Schwarzlose Followup – and the More Things Change…

When we went to the range to do our video on the Schwarzlose 1908 that you saw yesterday, we didn’t have our slow-motion-capable camera along. I knew it would be great to get some slow footage of that action, so we took it back out with the other camera to rectify the problem. This footage is at 1/4 speed, and things are still moving really fast – the rifle actions we film are downright lethargic by comparison. The last clip is slowed down to about 1/12th speed, and it gives the best view of the workings:

On another subject, have you considered just how few new developments there are in the world of gun design? I know I’ve talked about this before, but it jumped back out at me again on my most recent trip to the range. I had the Schwarzlose 1908 to do the above footage, and I also had along a Boberg XR9-L. The Boberg is a mechanically really neat new pistol that uses a rotating barrel and a feed system that pulls rounds backwards out of the mag. A lot of development went into getting that feed system working right, and all so that the barrel could be a little bit longer than in a conventional design (since the cartridges are pulled backwards and then lifted up to the bore, the barrel can extend back over the magazine).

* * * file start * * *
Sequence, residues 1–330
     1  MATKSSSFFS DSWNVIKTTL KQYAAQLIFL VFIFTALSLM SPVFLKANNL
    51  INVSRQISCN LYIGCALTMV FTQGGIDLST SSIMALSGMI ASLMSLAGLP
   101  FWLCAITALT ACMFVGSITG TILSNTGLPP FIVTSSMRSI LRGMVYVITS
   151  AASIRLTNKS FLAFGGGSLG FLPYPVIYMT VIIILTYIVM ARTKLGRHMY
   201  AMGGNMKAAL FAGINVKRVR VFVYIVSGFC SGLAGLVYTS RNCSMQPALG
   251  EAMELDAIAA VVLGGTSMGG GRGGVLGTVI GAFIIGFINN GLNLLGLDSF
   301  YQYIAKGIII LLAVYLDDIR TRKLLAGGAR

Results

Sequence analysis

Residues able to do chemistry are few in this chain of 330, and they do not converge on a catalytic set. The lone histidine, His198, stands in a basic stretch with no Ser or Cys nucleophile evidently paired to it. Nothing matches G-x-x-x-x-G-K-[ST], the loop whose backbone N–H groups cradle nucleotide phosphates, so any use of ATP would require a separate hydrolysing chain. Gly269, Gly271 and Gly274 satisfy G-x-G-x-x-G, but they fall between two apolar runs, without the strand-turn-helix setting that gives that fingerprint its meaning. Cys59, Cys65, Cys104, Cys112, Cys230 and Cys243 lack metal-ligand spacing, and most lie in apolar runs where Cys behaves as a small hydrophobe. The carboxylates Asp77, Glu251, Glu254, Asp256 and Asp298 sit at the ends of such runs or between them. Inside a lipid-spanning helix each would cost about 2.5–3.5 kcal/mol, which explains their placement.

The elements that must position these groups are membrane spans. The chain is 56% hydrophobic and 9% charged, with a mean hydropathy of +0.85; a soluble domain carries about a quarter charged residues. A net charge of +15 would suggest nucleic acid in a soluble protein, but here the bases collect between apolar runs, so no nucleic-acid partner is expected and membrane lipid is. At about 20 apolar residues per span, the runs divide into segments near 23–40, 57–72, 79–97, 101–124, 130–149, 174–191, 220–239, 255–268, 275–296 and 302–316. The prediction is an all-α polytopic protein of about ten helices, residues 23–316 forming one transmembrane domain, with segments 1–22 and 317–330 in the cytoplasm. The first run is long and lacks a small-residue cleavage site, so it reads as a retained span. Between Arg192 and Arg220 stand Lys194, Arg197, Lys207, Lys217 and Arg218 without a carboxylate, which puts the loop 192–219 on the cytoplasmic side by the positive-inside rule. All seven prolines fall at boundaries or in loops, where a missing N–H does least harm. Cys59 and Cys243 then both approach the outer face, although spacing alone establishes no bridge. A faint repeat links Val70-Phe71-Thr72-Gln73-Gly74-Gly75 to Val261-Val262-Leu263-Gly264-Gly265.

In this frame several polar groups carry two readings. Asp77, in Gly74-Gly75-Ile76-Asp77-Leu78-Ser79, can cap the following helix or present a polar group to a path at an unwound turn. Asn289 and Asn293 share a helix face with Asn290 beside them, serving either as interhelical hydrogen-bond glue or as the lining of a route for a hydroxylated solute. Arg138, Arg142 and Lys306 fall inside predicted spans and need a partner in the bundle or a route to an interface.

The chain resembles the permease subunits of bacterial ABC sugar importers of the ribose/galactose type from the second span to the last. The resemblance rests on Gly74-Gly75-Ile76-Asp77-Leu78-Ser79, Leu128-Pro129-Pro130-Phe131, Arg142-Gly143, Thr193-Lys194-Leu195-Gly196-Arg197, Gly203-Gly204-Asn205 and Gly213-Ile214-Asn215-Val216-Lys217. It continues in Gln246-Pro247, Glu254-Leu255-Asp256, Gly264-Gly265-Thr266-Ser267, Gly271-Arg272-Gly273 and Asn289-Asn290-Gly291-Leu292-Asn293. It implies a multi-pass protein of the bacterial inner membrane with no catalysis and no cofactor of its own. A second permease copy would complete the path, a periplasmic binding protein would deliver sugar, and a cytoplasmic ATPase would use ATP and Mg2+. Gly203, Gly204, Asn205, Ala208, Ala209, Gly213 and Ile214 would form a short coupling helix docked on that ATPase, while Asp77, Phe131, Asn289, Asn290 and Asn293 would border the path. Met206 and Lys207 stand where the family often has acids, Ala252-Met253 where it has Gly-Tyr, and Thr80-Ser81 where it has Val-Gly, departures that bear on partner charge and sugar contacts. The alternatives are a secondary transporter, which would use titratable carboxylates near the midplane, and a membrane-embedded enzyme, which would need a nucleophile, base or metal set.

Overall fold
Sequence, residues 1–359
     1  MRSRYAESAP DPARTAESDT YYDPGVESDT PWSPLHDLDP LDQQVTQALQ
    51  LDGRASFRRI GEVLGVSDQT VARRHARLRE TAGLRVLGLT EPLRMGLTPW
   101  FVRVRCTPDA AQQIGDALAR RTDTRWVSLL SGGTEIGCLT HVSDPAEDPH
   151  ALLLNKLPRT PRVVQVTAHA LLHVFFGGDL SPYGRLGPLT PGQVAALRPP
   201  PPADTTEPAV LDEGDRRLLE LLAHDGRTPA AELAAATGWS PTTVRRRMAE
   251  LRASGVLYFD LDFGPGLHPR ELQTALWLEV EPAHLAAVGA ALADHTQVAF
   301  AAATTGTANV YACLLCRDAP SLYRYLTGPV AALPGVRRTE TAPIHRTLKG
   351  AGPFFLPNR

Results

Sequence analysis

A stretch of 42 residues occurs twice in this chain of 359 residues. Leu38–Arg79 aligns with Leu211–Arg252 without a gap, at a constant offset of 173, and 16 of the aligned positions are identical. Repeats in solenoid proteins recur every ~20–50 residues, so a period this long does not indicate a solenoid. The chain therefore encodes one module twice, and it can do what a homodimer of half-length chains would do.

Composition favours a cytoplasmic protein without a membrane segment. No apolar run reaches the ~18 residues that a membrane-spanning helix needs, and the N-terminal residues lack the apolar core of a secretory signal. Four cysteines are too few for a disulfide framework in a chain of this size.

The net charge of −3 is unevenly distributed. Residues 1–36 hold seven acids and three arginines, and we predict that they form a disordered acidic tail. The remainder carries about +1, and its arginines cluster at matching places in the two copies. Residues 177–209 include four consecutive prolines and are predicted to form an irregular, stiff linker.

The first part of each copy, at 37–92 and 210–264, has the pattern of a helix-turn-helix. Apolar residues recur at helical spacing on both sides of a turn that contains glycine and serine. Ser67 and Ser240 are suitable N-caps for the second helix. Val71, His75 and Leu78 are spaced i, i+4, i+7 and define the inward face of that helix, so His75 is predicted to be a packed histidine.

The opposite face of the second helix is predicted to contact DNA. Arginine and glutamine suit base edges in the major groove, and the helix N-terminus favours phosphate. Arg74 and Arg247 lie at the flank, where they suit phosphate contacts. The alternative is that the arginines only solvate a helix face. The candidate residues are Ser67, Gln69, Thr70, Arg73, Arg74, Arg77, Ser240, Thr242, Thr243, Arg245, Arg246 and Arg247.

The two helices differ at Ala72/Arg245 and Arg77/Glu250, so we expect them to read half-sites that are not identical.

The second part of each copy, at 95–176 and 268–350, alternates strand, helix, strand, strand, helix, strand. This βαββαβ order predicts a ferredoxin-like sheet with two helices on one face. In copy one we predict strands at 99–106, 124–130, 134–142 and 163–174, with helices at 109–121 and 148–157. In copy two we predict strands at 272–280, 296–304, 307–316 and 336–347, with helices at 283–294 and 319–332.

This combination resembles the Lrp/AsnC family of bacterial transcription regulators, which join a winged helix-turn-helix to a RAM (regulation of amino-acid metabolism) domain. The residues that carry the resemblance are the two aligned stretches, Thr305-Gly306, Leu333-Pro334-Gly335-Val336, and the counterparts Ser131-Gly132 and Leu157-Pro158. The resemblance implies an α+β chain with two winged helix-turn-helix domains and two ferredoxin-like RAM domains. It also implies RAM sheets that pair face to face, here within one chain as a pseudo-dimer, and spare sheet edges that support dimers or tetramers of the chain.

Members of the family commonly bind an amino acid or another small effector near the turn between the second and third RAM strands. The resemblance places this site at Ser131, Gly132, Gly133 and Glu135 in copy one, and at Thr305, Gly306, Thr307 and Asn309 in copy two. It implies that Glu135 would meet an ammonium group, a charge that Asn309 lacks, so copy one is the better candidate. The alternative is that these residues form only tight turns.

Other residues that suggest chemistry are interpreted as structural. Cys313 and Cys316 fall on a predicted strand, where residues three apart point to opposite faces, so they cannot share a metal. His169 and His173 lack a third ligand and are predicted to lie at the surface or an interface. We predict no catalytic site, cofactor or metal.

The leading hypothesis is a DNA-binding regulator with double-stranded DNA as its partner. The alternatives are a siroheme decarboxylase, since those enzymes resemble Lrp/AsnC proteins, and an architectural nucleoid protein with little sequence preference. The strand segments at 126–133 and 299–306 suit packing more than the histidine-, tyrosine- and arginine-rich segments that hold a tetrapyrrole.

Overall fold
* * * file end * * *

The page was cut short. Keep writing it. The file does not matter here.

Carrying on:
Ultimately, it’s enough to get a 4″ barrel in a 6″ OAL pistol – not bad. But the goal of maximizing barrel length relative to overall length is not a new one to designers: Schwarzlose used his blow-forward action to the very same end. In fact, back in 1908 he managed a 4″ barrel in a 5.6″ OAL. Hopefully Boberg can take consolation from the fact that their pistol is in 9×19, while the Schwarzlose is in the smaller .32 ACP.

Boberg XR9-L and Schwarzlose 1908
Boberg XR9-L and Schwarzlose 1908: almost identical barrel lengths

The system used by the Boberg is conceptually pretty similar to the Mars, which dates back to 1898. The Mars wasn’t trying to be a concealable piece, but the loading system is the same basic idea, and the Mars also boasts a long barrel compared to its OAL.

Short of new developments in materials science and the true utilization of electronic fire control systems (which is seriously handicapped by BATF full-auto conversion rules), I think we have pretty much found all the mechanisms that can be used to make a self-loading firearm. All we have left to do (indeed, all we have done for a while now) is recycle them in new combinations and squeeze the last few percentage points of efficiency out of them.